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NSS campaign launched to end state-funded faith schools

NSS campaign launched to end state-funded faith schools

Historian and broadcaster Dan Snow, left, and politician and former actor Lord Cashman are among those who are supporting a new national campaign launched this week by the National Secular Society to end state-funded faith schools.

The NSS says on its website that the No More Faith Schools campaign will highlight the widespread concerns and myths that surround faith schools of all types and urge the creation of an inclusive, secular education system.

The NSS will use the campaign to demonstrate the problems associated with faith schools. These include the enabling of religious groups to use public money to evangelise to children, the undermining of social cohesion, the segregation of children on social, ethnic and religious lines and the undermining of freedom and equality.

The campaign’s website and social media channels will encourage supporters to petition the government and write to MPs in favour of:

An open and inclusive education system, free from religious discrimination.

Supporters will also be able to share their stories and reasons for backing the campaign and get free campaign posters.

The NSS has produced a short “schools are for teaching, not preaching” video for the campaign.

In praising the campaign, Dan Snow said:

In today’s society, it is more important than ever that our children can enjoy a diverse and fair education, and have the chance to learn from each other’s differences. The National Secular Society’s No More Faith Schools campaign is an important step in this direction and provides a platform for those who want an inclusive education to show their support for that.

Lord Michael Cashman CBE, a patron of the LGBT charity, the Pink Triangle Trust, said:

There is too much segregation in life. As we live together so we grow through sharing and understanding, not by reinforcing a faith or belief or one set of values. Children from all faith and belief backgrounds should be educated together and allowed to develop their own beliefs independently and within the rich communities in which we all have to live.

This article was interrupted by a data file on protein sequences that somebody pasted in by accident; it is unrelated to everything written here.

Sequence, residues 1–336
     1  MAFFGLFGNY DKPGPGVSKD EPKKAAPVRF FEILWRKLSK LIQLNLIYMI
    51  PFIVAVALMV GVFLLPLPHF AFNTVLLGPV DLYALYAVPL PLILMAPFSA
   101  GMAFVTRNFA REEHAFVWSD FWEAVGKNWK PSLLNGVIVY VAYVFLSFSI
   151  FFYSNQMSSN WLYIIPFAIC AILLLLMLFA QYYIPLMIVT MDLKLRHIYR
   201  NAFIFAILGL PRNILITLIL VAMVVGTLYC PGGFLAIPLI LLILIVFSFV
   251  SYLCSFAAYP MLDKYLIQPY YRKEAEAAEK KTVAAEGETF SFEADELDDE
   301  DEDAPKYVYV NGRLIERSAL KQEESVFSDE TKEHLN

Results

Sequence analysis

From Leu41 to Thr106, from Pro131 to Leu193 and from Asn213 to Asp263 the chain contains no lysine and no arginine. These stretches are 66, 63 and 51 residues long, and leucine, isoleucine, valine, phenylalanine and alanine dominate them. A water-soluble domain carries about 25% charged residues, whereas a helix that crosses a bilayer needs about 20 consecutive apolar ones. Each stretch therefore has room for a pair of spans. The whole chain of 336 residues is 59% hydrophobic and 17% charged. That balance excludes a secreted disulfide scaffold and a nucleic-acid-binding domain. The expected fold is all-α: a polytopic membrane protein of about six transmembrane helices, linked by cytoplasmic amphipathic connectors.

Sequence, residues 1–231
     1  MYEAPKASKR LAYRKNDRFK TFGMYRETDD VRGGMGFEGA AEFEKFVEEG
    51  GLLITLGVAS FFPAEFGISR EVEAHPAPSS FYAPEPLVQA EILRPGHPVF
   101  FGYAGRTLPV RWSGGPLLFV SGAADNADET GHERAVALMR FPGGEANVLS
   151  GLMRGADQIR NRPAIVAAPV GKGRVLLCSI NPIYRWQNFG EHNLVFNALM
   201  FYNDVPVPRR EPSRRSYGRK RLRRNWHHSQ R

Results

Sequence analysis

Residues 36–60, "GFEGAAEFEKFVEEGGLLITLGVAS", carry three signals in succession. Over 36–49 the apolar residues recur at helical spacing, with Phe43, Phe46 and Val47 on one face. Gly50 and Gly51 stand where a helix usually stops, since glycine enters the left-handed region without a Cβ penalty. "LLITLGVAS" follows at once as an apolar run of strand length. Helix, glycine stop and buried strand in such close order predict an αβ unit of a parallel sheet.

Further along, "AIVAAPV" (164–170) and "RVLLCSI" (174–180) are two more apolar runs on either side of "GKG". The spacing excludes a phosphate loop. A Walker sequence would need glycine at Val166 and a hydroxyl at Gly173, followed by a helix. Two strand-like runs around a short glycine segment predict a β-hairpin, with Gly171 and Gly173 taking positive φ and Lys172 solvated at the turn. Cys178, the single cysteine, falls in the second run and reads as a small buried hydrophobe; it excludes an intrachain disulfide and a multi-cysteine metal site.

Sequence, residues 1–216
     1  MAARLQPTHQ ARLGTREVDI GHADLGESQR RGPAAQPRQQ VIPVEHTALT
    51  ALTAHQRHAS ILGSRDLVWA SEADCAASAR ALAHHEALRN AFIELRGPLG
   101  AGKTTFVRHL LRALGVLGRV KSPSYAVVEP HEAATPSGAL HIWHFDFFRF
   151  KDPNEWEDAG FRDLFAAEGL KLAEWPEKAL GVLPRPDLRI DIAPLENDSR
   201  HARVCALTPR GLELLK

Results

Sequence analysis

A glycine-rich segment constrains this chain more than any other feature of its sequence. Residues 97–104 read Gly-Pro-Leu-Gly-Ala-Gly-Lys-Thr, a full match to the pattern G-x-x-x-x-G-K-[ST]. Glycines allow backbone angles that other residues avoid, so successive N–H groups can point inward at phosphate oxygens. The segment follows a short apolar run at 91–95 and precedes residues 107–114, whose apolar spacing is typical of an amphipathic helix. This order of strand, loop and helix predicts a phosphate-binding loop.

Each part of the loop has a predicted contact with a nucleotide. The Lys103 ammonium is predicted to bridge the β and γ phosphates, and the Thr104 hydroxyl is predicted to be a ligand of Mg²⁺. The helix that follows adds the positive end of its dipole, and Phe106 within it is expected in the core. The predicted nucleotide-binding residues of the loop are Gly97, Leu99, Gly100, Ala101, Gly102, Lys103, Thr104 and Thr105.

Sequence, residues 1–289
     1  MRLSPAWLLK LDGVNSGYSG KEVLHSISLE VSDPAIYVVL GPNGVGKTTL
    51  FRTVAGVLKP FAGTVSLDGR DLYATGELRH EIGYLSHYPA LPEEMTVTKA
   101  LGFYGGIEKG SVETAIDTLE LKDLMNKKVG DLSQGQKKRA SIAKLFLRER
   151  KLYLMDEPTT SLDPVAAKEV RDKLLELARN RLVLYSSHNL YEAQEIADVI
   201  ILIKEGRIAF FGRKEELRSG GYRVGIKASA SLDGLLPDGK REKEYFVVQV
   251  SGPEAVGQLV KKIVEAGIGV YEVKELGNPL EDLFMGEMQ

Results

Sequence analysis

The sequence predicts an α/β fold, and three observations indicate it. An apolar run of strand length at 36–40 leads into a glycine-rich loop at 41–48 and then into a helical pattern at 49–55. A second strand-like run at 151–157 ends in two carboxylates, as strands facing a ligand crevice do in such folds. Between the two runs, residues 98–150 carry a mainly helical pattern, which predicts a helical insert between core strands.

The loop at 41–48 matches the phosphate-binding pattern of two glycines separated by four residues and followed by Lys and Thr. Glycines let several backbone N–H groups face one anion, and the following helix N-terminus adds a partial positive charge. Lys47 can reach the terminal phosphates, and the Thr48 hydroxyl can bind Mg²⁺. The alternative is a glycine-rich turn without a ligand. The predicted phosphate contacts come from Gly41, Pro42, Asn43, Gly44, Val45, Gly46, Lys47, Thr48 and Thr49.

Stephen Evans, the NSS’s CEO, said faith schools “build division into society” and:

Segregate children on outdated lines of faith. Our campaign highlights the inequity they cause in our society. At the National Secular Society we ardently believe that no one should be marginalised or segregated on the basis of faith. We are proud to campaign for a fair and inclusive education system that creates a fair and inclusive society.

A spokesperson for the campaign said:

This campaign is a platform to let people opposed to faith schools know they can do something about it. It will also serve to build bridges with those that might be ambivalent or supportive of faith schools, by busting the myths and highlighting the inequity they create in our society.

No More Faith Schools has been launched as the education secretary, Damian Hinds, is widely expected to relax admissions rules to facilitate a new wave of fully religiously selective faith schools. Under current rules new faith schools may not admit more than 50 percent of their pupils based on the religion of their parents.

The NSS has vigorously campaigned against the plans.

Faith schools account for around a third of publicly-funded schools in England and Wales, while many Scottish and Northern Irish schools are divided along sectarian lines.

8 responses to “NSS campaign launched to end state-funded faith schools”

  1. Broga says:

    Teachers struggle with kids arriving at school, after years of passive watching videos, with minimal vocabulary and unable to use a knife and fork. They leave school without enough vocabulary to enjoy a book. The same parents have more interest in “celebrities”, crap TV and the success of the football team they support.